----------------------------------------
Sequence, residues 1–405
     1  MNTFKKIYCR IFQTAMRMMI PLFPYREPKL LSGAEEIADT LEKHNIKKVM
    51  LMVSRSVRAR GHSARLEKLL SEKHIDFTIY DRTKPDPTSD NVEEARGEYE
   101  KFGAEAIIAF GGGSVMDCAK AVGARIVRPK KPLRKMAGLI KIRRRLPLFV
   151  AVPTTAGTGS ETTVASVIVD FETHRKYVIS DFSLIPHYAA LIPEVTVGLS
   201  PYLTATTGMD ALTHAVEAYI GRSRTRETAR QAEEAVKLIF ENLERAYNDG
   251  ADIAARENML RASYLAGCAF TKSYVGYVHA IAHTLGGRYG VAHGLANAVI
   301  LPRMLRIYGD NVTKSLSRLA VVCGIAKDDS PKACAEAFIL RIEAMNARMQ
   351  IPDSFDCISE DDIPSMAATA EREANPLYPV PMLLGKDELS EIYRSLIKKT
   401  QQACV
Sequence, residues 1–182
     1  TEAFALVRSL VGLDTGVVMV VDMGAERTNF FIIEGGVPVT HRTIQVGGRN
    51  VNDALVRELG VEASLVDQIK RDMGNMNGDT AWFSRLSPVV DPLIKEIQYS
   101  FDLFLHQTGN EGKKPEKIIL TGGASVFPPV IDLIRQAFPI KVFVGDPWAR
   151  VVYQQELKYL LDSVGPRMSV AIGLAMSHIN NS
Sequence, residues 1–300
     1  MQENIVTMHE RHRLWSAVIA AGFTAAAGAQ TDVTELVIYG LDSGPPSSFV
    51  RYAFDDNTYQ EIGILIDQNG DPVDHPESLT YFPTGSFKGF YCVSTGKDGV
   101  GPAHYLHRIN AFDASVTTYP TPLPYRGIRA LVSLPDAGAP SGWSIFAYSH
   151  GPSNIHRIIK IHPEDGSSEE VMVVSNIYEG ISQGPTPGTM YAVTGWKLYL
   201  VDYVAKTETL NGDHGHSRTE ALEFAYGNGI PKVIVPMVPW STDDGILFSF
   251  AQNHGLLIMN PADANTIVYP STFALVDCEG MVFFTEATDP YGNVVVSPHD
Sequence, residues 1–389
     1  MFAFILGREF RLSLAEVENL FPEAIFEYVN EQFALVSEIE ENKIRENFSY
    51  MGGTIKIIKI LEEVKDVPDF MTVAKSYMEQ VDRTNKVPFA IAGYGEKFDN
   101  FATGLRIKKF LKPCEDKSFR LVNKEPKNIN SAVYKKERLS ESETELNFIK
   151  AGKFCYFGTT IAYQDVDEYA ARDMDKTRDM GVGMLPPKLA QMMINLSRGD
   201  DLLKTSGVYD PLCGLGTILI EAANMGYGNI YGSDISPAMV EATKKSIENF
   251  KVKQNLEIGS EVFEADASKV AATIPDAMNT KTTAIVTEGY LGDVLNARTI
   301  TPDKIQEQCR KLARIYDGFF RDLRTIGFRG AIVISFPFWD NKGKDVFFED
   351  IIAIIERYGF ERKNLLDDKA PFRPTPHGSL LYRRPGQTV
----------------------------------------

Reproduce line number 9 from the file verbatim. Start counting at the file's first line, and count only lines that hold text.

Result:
   351  IPDSFDCISE DDIPSMAATA EREANPLYPV PMLLGKDELS EIYRSLIKKT